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mule April 13 Chronological Bible Study

Timeline. Map. Go to today’s Bible reading: 1Samuel 13:1- 14:52; 1Chronicles 8:1- 9:1a; 1Chronicles 9:35-44; 5:7-10; 5:18-22

Faith or Obstinacy?

“I don't want any help. I can do it myself!” says the small child (many times teens and adults say the same thing, right?). While we want to encourage children to try things for themselves and learn to succeed, sometimes the tasks are too great for them. They have to learn to trust their parent(s) for awhile and learn to do things right. What should we do when children (or adults) are obstinate? Today we will learn what to do.

King Saul began his reign well because he was humble and his power to command was from God. Saul showed godly concern and zeal in helping the people of Jabesh Gilead, who were seriously threatened by the Ammonites. He cut up a pair of oxen and sent the pieces to the twelve tribes of Israel and threatened that God would do this to them if they did not get behind Saul and Samuel to defeat the Ammonites. Immediately, a force of 333,000 men was mustered to fight against the Ammonites, and God gave them a great victory. Then Saul was reaffirmed as king. Saul showed magnanimity in overlooking the insults of those who earlier opposed him and led the Israelites to give praise to God for the victory. God was gracious to Saul, and Saul was faithful, but quickly that all changed. He began to foolishly rely upon himself; his position as king, and his victories went to his head.

Sometime later, King Saul faced threats by the Philistines. He was encamped at Micmash and in the hill country of Bethel with 2,000 men. His son Jonathan was encamped at Gibeah with 1,000 men. Evidently, this was Saul's regular army. However,

The Philistines assembled to fight Israel, with three thousand chariots, six thousand charioteers, and soldiers as numerous as the sand on the seashore. They went up and camped at Micmash, east of Beth Aven.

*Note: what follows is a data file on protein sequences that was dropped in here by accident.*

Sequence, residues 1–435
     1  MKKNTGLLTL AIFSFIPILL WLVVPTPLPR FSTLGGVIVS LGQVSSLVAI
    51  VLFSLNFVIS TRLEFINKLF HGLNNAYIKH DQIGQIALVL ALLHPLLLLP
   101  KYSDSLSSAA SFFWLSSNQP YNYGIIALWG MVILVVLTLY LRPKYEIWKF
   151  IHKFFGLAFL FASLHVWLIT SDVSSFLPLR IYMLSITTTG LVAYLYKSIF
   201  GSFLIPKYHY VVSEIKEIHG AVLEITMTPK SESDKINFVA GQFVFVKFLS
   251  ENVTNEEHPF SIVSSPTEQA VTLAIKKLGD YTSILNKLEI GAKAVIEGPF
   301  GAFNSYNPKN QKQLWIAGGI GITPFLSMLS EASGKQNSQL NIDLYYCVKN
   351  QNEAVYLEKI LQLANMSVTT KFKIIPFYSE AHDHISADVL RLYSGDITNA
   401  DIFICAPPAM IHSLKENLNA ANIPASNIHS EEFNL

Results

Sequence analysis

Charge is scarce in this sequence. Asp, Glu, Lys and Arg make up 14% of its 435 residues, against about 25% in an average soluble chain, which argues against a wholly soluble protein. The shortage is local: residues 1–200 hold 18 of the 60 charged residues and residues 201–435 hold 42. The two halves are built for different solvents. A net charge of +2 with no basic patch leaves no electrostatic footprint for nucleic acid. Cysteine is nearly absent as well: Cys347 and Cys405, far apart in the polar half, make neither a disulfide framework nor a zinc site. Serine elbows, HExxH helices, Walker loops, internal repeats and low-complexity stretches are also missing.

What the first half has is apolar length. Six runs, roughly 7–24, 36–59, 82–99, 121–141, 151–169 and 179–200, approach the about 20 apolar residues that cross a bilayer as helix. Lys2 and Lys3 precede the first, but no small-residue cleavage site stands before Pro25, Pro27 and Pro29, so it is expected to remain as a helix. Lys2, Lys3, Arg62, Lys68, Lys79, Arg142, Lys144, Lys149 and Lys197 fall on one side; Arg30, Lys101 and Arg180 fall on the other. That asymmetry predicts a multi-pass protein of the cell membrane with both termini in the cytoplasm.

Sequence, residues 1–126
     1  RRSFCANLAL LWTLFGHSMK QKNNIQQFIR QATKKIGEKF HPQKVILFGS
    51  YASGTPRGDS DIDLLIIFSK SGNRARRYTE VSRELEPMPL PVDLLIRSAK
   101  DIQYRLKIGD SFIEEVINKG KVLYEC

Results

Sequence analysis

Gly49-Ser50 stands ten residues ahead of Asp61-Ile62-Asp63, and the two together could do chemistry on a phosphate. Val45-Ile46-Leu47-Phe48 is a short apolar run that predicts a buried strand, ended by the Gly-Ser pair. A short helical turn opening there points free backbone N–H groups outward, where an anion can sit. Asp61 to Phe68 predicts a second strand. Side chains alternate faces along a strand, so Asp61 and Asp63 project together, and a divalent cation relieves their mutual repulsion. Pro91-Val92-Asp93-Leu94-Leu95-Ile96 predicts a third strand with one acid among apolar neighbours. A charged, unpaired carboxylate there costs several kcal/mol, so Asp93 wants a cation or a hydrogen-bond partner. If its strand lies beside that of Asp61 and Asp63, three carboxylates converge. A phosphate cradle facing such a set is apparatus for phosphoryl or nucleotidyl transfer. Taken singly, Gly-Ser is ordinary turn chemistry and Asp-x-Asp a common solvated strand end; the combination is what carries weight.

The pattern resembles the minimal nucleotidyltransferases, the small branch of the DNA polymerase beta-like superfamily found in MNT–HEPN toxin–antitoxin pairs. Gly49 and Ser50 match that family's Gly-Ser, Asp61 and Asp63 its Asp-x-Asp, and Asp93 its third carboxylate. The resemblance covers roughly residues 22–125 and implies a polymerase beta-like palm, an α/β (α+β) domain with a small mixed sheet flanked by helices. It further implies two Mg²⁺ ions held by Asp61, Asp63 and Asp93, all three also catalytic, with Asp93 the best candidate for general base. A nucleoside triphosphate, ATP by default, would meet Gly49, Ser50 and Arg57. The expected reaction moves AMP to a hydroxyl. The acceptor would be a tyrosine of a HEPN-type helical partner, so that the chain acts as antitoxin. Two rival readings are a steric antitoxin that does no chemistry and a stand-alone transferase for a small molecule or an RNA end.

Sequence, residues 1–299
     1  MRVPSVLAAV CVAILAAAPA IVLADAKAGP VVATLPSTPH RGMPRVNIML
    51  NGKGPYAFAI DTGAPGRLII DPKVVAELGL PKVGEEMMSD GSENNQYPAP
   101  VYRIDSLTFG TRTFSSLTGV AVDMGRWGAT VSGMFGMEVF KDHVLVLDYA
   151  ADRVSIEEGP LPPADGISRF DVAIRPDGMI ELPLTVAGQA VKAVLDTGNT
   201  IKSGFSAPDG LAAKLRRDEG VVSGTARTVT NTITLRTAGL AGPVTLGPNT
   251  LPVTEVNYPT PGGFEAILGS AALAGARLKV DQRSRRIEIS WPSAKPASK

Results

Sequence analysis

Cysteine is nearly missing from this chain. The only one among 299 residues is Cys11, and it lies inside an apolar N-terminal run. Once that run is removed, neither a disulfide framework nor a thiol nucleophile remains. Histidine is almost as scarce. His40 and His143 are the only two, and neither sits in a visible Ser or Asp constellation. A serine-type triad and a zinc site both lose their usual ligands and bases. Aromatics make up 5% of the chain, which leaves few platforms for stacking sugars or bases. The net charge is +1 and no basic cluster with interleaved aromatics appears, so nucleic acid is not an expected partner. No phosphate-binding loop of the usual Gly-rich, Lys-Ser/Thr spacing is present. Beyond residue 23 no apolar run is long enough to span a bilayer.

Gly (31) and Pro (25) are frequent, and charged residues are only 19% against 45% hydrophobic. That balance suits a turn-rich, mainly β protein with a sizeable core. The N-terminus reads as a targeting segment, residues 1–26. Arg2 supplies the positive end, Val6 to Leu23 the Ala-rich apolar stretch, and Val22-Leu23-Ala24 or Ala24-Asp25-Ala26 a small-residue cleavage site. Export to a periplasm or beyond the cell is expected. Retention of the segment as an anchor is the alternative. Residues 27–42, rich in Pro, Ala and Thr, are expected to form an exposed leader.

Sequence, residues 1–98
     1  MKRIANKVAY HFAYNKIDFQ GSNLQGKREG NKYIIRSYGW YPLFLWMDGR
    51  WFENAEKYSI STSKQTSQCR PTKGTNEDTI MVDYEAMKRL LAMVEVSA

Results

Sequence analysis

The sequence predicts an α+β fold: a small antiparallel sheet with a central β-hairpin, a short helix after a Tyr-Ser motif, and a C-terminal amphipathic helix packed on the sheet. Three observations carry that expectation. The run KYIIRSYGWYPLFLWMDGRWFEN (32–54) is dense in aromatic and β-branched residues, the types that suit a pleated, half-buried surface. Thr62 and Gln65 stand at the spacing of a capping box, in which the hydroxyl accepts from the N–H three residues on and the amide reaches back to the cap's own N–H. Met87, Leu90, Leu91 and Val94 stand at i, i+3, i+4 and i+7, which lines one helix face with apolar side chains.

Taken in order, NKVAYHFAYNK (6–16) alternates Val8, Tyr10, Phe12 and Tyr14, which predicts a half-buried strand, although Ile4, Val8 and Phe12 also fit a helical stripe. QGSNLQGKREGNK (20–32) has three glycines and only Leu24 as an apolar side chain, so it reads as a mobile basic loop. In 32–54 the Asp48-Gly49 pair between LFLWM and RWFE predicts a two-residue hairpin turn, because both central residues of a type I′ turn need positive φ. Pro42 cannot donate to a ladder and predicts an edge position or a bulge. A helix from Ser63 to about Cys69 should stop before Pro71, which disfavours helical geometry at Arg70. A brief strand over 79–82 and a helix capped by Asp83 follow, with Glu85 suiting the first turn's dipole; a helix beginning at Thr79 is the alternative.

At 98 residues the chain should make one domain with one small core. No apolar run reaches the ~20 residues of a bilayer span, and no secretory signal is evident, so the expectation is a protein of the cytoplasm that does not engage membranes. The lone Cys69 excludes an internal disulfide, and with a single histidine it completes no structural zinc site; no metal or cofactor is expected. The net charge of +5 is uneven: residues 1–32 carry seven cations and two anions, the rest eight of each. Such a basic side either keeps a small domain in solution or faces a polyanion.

When the men of Israel saw that their situation was critical and that their army was hard pressed, they hid in caves and thickets, among the rocks, and in pits and cisterns. Some Hebrews even crossed the Jordan to the land of Gad and Gilead. Saul remained at Gilgal, and all the troops with him were quaking with fear (1Samuel 13:5-7, NIV).

Sometimes when the pressures of life are great, we feel we must do something, even when the best thing to do is wait on God. King Saul faced pressures that caused him to disobey and lose his privilege to have an enduring kingdom. The Philistines were attacking, and his men got scared and were disbanding or hiding (1Samuel 13:1-14). Instead of trusting the LORD, like Gideon, and encouraging his men, Saul panicked and offered his own burnt offering in order to get God's blessing before going into battle. He did this even though he was not a Levite. For disobeying the LORD, Samuel said that God would not allow his kingdom to endure. God wanted a man after his own heart to lead Israel.